Lipoprotein concentrations in newborns are associated with allelic variations in their mothers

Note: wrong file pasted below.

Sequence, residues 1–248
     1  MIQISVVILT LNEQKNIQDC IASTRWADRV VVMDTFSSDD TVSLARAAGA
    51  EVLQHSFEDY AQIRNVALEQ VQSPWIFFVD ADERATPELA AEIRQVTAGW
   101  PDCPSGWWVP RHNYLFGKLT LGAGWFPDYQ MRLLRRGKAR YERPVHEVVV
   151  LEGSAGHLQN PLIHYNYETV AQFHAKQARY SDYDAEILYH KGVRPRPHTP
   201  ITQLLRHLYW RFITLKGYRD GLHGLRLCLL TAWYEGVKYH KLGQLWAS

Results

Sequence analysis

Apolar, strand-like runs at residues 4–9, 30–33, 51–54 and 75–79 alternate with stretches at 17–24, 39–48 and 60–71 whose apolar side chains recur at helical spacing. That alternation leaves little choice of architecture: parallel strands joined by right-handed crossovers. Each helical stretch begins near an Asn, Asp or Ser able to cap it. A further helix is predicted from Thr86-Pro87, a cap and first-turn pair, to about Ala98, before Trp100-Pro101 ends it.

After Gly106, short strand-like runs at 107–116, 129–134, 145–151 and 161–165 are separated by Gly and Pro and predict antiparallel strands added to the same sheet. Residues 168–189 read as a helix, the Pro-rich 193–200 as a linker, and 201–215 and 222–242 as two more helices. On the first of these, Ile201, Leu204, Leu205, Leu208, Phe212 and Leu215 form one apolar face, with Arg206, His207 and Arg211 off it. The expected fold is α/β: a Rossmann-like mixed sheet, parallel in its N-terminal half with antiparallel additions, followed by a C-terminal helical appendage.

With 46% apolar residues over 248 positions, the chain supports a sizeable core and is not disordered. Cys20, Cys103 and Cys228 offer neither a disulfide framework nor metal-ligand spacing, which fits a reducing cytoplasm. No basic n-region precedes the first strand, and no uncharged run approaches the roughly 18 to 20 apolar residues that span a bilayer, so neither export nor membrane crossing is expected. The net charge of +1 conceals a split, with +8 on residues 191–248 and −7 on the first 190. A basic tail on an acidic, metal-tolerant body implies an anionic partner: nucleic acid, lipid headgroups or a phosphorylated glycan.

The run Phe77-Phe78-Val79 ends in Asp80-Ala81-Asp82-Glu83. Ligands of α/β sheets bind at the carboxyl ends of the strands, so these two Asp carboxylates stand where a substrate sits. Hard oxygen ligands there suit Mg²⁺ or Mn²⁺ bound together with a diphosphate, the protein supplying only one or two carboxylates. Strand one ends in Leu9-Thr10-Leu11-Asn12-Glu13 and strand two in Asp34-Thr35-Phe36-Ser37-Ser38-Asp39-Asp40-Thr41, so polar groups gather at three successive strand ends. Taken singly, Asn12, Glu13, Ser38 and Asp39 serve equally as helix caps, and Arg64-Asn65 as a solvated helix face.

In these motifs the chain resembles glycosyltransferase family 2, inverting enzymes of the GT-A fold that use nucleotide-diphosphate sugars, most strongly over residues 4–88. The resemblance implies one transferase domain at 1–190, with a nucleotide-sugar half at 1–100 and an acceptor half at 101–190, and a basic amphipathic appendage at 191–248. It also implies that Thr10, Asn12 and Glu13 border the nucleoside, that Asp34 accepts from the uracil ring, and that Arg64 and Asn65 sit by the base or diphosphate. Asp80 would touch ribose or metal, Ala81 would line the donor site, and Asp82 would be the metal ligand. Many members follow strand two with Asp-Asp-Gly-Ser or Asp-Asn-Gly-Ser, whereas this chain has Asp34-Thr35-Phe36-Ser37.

Background: Factors determining lipoprotein concentrations in the fetus are not yet fully understood. We postulated that an important factor is the genetic make-up of the mother. In the present study, we examined the associations between the cord blood concentrations of lipoproteins of 525 newborns and the polymorphisms present in their mothers on the genes of apolipoprotein E (APOEE2, E3, E4), apolipoprotein C-III (APOC3C3238G also called APOC3S2) and lipoprotein lipase (LPLS447X). Results: Newborns born of mothers with APOEE2 allele had significantly lower cord blood LDL-C (P<0.01) and apoB (P<0.001) and significantly higher cord blood HDL-C and apoA1 (all P-values < 0.03) compared to those born of mothers with APOEE3E3 genotype. These associations were independent of the presence of APOEE2 allele in the newborns. Similarly, APOC3S2 in mothers was associated with significantly lower (all P<0.001) cord blood LDL-C, apoB, HDL-C and apoA1. In contrast, LPLS447X in mothers lowered significantly cord blood LDL-C and apoB only when LPLS447X was present in newborns. Most of the effects of these maternal polymorphisms on the newborns were independent of the changes of maternal lipoproteins generated by these polymorphisms. Conclusions: This is the first evidence that maternal genetic variations influence fetal lipoprotein concentrations, independent of the genetic status of the fetus and of the variations of maternal lipoprotein concentrations generated by these genetic variants. It suggests that proteic components of maternal lipoproteins strongly control the metabolism of maternal lipoproteins carried out at the surface of the placenta to assure the cholesterol delivery to the fetus.


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